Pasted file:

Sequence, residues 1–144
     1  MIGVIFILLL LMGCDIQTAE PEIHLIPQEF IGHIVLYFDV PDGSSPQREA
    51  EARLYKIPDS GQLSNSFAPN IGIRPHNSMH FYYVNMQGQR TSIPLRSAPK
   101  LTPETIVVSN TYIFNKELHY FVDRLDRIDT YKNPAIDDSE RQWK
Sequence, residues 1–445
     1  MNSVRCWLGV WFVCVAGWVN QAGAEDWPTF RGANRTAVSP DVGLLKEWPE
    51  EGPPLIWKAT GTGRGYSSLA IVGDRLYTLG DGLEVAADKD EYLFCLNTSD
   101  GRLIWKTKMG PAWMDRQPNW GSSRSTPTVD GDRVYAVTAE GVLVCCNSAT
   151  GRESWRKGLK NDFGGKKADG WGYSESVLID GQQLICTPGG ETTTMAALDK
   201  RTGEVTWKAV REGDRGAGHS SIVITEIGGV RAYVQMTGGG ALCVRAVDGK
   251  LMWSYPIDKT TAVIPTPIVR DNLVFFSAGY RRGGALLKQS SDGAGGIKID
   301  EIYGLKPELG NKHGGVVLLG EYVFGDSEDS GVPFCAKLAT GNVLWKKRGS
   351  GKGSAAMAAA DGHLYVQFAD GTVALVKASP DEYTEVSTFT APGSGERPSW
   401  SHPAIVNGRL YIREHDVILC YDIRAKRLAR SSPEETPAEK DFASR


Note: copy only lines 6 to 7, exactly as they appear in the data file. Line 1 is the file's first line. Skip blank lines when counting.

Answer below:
     1  MNSVRCWLGV WFVCVAGWVN QAGAEDWPTF RGANRTAVSP DVGLLKEWPE
    51  EGPPLIWKAT GTGRGYSSLA IVGDRLYTLG DGLEVAADKD EYLFCLNTSD